Have you recently had a shock increase in your car insurance premium? We take a look at 6 reasons why it could have suddenly gone up.
Published: Thursday, March 30th 2017
It is never pleasant to receive an unexpected increase in your car insurance premium. Not only does it impact your monthly expenditure, but it could have an effect on your loyalty to your insurer.
6 Reasons Why Your Insurance Could Have Gone Up
If you are wondering why your premium has suddenly sky-rocketed, we can help you find the reason.
1. You Have Claimed
Claims highly impact the insurance premiums that you are paying. Should you have been involved in a minor accident, or bumper bashing, your premium could rise. Insurers will constantly analyse your policy in order to ascertain whether your risk, to them, is increasing. In the case of a write-off, whether it be your fault or not, you can expect to pay more for insurance on your new car. The number of claims you make, per year, will also impact your premium. Should the insurer see that you have been involved in numerous incidents, they will heighten your risk profile and the premium will be raised. Also be aware that they could possibly cancel your policy completely should you be over-claiming.
2. Poor Credit Rating
All financial service providers have access to a centralised database of your financial information. If you have recently been blacklisted, or are going through debt review, the insurer could pick this up. They will see this as you posing a higher risk to their company. If you are involved in an accident, you might not be able to afford the excess that you have signed for, if you are already struggling to cover your monthly expenses.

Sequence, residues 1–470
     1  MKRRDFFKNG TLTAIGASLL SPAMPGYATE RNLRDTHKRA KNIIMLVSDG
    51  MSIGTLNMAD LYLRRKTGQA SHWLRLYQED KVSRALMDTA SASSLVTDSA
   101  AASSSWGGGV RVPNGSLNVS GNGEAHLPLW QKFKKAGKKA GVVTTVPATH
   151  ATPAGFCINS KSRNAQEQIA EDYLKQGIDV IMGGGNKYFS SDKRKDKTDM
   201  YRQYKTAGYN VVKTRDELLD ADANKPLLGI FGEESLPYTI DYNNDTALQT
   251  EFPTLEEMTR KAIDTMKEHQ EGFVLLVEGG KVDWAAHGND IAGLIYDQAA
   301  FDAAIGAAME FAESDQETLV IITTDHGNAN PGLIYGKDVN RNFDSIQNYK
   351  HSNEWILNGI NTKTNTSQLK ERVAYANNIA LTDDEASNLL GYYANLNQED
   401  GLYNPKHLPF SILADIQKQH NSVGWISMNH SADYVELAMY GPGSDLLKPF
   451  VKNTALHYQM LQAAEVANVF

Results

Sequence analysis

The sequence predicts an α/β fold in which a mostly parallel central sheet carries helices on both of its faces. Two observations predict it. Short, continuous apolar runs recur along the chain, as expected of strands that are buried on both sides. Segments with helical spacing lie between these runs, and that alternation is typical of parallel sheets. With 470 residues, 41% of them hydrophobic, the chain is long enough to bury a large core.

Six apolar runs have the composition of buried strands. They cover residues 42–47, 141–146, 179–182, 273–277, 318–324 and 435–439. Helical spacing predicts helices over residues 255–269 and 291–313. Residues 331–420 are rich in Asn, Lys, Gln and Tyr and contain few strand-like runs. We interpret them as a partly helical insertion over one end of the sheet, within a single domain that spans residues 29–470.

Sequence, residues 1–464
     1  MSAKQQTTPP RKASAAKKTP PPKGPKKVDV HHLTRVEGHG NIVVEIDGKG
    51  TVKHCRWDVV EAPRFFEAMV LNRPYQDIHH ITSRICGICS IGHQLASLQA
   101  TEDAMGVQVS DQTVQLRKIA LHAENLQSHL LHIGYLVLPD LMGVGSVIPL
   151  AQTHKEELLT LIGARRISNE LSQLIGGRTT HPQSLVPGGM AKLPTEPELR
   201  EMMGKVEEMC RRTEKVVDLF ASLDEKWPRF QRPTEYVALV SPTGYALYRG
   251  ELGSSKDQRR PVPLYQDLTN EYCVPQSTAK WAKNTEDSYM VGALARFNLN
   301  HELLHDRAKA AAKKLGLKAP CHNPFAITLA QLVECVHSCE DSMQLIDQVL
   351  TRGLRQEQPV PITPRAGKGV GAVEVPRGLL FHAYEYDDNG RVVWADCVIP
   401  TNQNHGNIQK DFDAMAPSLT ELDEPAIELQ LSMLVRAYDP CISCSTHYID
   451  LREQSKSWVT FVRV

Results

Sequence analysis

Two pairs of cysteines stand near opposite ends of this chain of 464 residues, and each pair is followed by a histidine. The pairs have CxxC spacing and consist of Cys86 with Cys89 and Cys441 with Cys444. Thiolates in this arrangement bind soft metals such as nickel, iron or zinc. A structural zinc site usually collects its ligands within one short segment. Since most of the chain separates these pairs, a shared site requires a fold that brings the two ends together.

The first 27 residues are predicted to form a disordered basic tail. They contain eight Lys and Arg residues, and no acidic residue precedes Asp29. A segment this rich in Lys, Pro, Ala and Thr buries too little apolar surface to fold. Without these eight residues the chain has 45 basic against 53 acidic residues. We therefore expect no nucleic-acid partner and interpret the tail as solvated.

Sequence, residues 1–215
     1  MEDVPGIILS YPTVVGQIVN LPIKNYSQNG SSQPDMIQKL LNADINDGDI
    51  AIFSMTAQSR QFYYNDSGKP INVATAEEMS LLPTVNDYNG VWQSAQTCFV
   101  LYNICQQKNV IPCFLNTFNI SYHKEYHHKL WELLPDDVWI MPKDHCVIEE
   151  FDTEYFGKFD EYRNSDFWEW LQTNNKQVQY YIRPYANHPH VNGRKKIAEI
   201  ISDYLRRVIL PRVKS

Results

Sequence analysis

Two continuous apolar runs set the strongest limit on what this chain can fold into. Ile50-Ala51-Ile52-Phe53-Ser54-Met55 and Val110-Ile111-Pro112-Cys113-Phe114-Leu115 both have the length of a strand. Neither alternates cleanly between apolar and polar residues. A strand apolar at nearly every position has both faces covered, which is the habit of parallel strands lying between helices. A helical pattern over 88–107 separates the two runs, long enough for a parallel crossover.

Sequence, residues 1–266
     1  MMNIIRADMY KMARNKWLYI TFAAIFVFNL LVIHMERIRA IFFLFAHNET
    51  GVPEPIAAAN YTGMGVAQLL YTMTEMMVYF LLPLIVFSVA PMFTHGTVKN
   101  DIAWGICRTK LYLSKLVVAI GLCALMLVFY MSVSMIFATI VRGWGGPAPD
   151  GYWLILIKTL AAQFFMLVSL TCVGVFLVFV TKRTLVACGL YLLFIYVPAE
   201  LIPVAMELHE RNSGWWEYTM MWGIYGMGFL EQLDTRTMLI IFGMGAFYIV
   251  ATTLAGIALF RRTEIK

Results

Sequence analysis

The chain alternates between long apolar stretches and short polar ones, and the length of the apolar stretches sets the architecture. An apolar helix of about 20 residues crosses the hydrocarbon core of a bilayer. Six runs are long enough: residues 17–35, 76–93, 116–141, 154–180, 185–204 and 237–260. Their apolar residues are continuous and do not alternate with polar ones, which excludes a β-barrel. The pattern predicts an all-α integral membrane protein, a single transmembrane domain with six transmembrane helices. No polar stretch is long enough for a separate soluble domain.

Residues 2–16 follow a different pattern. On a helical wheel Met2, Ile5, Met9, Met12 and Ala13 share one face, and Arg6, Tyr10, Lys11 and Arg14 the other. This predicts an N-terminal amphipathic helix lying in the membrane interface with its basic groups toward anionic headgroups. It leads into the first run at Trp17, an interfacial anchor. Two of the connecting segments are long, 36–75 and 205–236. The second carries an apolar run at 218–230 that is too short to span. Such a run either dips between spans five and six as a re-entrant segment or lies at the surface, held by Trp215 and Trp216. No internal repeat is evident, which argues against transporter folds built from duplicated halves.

A change in address could highly impact your premiums. Should you be moving into an area deemed to be high risk, your risk profile will have changed. If you are changing your car’s overnight parking, you could be at risk of it being damaged or stolen. In the same way, if you have changed your job and are working at a new location, you will need to let your insurer know. If you are parking the car in a road outside of town, as opposed to in an access-controlled parking lot, you will find that you will be paying higher premiums. Make sure you do communicate this with the insurer, however, as if they find out that you have not disclosed the changes, they could terminate your policy.
4. Addition Of a Person To a Policy
Should you have added someone to your policy, your risk profile would have increased. The insurer will need to reassess your policy, and will probably increase it. Should you have added your teenager onto the policy, you can expect to pay a much higher premium than usual. The results of not putting them on, however, could be dire. Should your uninsured teenager cause an accident in your car, your insurer has the right to refuse to pay the claim. Make sure that they are aware of other drivers at all times, especially high-risk ones like young drivers.
5. You Have Recently Had a Big Birthday
Should you have recently turned 55 or 60, an insurer could possibly reassess your policy and increase your premium. Older drivers are considered higher risks than a driver in their 30’s, due to declining eyesight and response skills. You could possibly counter this by going on an Advanced Driving Course to lower the premium.
6. Changes To The Annual Fee Structure
In many cases, an increase in fees is the annual increase. Most insurers raise premiums annually and notify you of these changes to the rates prior to the time. You may, in between the notification and the increase, contact the insurer to do a reassessment on the vehicle to establish whether the premium can be dropped.